Thanksgiving is a way of life.

Today is Thanksgiving and it brings with it a plethora of emotions. I have been interviewed many times by magazines and holiday stress has always been the number one topic. It seems ironic that a period of time that is supposed to be focused on experiencing gratitude, joy, and connection with family and friends is often fraught with anxiety.

The biggest culprit is the expectation that things could be different this year. But, as I have learned, nothing changes in and of itself. It takes a certain degree of effort to create a different paradigm. Unfortunately most of us have ways of seeing situations in certain ways and it takes work to see them differently. We may have grudges against a relative or relatives, be trying to recover from grief, dealing with pain, or in a difficult relationship. Suddenly, the messages surrounding us from the media are to be grateful, be happy, forget the past and just hold hands and sing “We are the World”.

Would Thanksgiving be less of a hassle if grateful living were its predecessor? Could we get along with some of the most irritating and difficult people at the dinner table if we could see the potential in learning more patience and understanding? I know this sounds like a page out of a self-help book, but it definitely has some merit. Consider how much energy we put into discussing how someone or somethings drives us nuts versus how often we share how many things we’re grateful for. Think about how much less stress we would have if we could simply stop repeating stories about old grievances. This is not an easy task since it takes awareness and the desire to change our perspective. Letting go can also help our immune system.

Cultivating an attitude of gratitude is tough. We live in a society based on striving. Our busy, techno driven culture takes a lot of our attention. However, gratefulness is not necessarily about having to stop throughout the day to write in a journal. It is really about letting go of a victim mentality, a sense of entitlement and deservedness. I suggest you read Thanks: How the New Science of Gratitude Can Make You Happier by Dr. Robert Emmons, professor of psychology at the University of California, Davis, one of the foremost authorities on the topic of gratitude in North America.

Perhaps this year you may want to start your meal by asking everyone seated at the table what they are grateful for. Beginning your meal with this conversation could dampen any need to discuss “old stuff”. You might want to have everyone write in a gratitude journal as well. This could help you to counter some negative feelings you have about its author.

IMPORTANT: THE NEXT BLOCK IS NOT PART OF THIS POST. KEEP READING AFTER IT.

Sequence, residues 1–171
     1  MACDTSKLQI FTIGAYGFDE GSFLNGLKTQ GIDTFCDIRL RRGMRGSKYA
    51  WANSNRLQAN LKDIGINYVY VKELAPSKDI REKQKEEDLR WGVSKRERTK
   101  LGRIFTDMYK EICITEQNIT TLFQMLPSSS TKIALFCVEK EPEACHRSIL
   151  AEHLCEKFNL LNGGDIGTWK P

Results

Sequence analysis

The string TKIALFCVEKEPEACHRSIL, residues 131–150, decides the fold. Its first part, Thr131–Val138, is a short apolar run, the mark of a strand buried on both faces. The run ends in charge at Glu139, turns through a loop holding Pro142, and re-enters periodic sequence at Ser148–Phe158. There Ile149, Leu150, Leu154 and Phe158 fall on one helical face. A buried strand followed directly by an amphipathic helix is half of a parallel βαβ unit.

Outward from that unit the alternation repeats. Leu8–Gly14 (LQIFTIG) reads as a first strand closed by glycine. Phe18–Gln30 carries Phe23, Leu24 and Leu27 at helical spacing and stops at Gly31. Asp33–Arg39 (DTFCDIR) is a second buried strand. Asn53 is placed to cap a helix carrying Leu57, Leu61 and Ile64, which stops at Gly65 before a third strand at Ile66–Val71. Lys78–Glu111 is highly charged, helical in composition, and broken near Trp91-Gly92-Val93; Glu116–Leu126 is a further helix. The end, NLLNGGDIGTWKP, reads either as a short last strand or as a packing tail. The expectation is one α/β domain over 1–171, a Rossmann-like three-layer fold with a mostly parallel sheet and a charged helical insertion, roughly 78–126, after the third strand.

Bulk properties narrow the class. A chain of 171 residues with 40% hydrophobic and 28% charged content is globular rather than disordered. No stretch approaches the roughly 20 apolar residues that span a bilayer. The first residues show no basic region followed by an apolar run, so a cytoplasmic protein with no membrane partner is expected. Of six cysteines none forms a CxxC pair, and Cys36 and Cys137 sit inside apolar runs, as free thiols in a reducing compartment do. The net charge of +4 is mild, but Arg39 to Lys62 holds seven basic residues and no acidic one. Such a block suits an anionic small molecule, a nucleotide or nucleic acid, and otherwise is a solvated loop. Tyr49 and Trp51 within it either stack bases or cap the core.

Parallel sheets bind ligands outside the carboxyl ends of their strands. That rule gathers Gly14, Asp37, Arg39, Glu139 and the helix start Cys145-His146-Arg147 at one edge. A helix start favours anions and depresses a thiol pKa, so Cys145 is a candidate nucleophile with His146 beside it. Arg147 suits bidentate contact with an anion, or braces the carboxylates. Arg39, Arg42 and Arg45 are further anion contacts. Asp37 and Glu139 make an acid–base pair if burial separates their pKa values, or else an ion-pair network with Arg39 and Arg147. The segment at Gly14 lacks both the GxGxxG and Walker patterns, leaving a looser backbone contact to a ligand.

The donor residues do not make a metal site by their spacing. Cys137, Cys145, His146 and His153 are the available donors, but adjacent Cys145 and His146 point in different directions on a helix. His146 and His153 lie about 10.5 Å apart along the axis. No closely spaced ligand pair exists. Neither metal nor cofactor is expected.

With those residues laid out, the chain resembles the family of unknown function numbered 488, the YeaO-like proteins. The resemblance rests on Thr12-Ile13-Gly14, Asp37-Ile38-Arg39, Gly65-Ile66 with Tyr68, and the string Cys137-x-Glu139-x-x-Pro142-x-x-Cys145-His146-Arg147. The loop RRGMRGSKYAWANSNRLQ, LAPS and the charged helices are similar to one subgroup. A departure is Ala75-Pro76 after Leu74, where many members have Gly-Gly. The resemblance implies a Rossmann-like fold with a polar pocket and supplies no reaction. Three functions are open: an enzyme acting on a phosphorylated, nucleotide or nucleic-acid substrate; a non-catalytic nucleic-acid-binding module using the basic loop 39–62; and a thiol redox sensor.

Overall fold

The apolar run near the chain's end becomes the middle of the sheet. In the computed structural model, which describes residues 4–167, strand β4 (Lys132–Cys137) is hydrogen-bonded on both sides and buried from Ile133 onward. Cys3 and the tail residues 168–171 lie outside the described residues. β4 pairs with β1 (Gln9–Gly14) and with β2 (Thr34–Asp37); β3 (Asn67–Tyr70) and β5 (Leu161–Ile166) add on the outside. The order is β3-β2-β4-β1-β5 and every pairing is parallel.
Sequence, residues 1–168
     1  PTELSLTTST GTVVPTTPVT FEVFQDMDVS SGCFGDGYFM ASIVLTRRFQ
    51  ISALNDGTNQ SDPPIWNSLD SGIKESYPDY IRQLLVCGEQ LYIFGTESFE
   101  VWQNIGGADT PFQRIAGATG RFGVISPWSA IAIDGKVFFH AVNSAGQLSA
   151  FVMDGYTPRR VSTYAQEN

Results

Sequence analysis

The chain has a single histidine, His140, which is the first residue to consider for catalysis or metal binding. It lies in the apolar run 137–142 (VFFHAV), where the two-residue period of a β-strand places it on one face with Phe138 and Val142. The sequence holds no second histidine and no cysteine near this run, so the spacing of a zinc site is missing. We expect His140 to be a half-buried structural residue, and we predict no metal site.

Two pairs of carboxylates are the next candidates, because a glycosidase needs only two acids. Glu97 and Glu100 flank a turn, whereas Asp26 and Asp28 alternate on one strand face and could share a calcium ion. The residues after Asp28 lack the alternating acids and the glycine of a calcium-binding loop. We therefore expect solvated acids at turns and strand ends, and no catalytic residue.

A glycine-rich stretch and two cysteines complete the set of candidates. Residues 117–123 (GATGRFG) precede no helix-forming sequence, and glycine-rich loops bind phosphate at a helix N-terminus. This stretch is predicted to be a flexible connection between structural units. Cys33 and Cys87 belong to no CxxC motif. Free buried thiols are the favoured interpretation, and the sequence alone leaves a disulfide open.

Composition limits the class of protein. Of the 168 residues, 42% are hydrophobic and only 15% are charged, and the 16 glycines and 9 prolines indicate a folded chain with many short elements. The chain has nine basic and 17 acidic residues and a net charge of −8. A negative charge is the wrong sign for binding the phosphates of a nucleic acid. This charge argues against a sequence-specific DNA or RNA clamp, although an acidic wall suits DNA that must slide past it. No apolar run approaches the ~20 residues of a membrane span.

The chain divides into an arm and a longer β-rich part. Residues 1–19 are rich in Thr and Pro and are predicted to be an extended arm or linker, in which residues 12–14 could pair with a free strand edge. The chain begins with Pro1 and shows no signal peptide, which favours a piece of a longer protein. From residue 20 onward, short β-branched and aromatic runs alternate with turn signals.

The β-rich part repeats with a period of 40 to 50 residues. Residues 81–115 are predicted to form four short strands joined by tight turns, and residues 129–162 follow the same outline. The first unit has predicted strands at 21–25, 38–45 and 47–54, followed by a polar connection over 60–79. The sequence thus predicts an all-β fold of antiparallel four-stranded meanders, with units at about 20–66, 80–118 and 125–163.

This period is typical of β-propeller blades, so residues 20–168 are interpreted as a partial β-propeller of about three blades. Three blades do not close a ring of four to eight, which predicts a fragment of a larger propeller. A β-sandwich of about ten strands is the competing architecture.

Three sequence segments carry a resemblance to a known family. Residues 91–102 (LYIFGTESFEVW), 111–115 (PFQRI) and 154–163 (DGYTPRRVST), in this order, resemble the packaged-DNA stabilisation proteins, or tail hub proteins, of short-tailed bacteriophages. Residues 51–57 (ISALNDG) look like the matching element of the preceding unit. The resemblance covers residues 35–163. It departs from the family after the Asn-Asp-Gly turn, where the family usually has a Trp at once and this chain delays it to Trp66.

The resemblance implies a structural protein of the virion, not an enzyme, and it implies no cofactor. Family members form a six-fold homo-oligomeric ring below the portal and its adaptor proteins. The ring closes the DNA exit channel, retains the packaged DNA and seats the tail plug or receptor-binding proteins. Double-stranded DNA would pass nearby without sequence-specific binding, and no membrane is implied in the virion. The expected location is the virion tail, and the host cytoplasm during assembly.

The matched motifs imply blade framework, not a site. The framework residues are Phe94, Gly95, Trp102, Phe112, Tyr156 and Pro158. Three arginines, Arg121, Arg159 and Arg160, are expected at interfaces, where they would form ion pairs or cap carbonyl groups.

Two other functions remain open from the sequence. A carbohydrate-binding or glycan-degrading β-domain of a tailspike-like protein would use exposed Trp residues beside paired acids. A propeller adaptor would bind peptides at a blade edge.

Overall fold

You could discover that practicing gratitude as a way of life may make your life happier, healthier and less stressful

 

Children are losing their imaginations to computers, “Nature Deprived Syndrome”

I have spent the last half hour sitting on my deck steeping myself in the wonders of Spring. “At Last”, a song made famous by Etta James, should be played on the New England airwaves hourly. I have waited, as I’m sure many others have who live in this neck of the woods, for the snow, ice, and bitter cold to finally give us a respite. I was beginning to think I should build an Igloo. It has been an unusually long and tough winter.

This time of year is especially exciting for me because I love my garden, and all it has to offer. As each new plant inches its way out of its’ winter hibernation, I feel a sense of awe and delight. This is not a new feeling, as I have felt this way since I was a child. The outdoors always was magical for me and a great deal of my playmates. We would spend hours trekking through lots seeking hidden treasures and building forts out of old lumber, branches and twigs. Our greatest moments were sitting, huddled inside our fort telling scary stories or pretending that we were part of a medieval kingdom. I always wanted to be the queen, but more than not I was relegated to being a Lady in Waiting or a Knight, which was fine with me. If I was the Lady in Waiting I would wrap myself in my mothers’ old lace curtains and weave some flowers for a headdress. As a Knight I fashioned a bow and arrow out of twigs and put my grandmothers’ colander on my head. I believe that probably was the origins of the career I have today. The ability to simply use my innate creativity and have so much fun doing it was like taking a class in improvisation.

I feel badly for children today since I don’t think many of them are going to have these types of experiences. I hardly ever see kids playing outside anymore. The American Pediatric Society has said that children are starting to lose their ability to imagine in lieu of all the computer games that do it for them. They have even coined a new disorder “Nature Deprived Syndrome” since so many kids don’t get to immerse themselves in the joys that the outdoors can offer them. They also see this as one of the reasons there are so many obese children. DUH! Parents have been given so many fear messages by the media about so many things, that going outside has become something to be feared.  I know there are still parents who have instilled a love of nature in their children, but for those who haven’t, please give your kids the opportunity to enjoy and respect what is possibly the greatest gift we’ve been given.

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